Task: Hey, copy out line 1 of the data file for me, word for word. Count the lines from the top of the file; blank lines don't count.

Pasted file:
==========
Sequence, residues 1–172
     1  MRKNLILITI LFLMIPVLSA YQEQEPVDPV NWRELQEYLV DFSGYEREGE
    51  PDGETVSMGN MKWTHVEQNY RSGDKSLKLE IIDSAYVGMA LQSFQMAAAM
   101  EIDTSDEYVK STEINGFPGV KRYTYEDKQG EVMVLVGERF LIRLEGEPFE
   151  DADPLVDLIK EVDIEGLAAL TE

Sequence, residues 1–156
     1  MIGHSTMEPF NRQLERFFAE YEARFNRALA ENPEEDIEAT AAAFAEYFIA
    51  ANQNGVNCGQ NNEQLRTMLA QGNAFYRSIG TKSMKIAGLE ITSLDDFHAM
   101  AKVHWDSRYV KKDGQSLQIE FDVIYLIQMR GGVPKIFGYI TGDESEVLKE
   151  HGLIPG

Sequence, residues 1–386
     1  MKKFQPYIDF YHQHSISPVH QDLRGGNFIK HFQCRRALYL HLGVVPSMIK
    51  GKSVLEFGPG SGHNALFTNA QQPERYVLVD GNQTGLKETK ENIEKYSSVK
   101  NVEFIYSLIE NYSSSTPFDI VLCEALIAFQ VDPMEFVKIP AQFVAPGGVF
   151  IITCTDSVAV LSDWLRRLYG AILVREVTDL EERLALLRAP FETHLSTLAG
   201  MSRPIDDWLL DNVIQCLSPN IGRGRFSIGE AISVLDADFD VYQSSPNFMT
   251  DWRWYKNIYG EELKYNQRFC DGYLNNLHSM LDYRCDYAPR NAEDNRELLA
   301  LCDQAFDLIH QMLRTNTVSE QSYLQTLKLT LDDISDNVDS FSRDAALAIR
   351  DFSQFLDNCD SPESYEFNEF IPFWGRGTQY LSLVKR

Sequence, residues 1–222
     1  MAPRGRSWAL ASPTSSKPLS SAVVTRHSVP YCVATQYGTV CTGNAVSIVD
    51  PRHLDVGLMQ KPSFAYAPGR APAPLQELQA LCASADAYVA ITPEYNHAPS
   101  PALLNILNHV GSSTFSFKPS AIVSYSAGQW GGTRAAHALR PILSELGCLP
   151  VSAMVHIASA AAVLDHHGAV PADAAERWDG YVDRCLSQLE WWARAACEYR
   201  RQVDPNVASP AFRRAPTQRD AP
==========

Sequence, residues 1–172